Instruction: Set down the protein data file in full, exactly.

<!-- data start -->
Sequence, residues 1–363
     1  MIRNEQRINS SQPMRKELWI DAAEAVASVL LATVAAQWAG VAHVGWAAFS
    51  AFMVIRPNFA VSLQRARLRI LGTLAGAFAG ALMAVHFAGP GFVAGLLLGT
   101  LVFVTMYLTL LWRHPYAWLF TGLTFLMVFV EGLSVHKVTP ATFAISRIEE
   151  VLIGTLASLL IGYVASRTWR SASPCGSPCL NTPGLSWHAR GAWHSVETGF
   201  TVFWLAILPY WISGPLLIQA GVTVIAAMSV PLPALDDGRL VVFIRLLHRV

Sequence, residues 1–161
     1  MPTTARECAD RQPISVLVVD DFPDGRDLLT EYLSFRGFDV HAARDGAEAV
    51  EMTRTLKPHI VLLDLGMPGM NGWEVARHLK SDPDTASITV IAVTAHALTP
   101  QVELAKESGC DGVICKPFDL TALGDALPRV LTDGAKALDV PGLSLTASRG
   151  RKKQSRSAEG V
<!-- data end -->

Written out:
Sequence, residues 1–363
     1  MIRNEQRINS SQPMRKELWI DAAEAVASVL LATVAAQWAG VAHVGWAAFS
    51  AFMVIRPNFA VSLQRARLRI LGTLAGAFAG ALMAVHFAGP GFVAGLLLGT
   101  LVFVTMYLTL LWRHPYAWLF TGLTFLMVFV EGLSVHKVTP ATFAISRIEE
   151  VLIGTLASLL IGYVASRTWR SASPCGSPCL NTPGLSWHAR GAWHSVETGF
   201  TVFWLAILPY WISGPLLIQA GVTVIAAMSV PLPALDDGRL VVFIRLLHRV

Sequence, residues 1–161
     1  MPTTARECAD RQPISVLVVD DFPDGRDLLT EYLSFRGFDV HAARDGAEAV
    51  EMTRTLKPHI VLLDLGMPGM NGWEVARHLK SDPDTASITV IAVTAHALTP
   101  QVELAKESGC DGVICKPFDL TALGDALPRV LTDGAKALDV PGLSLTASRG
   151  RKKQSRSAEG V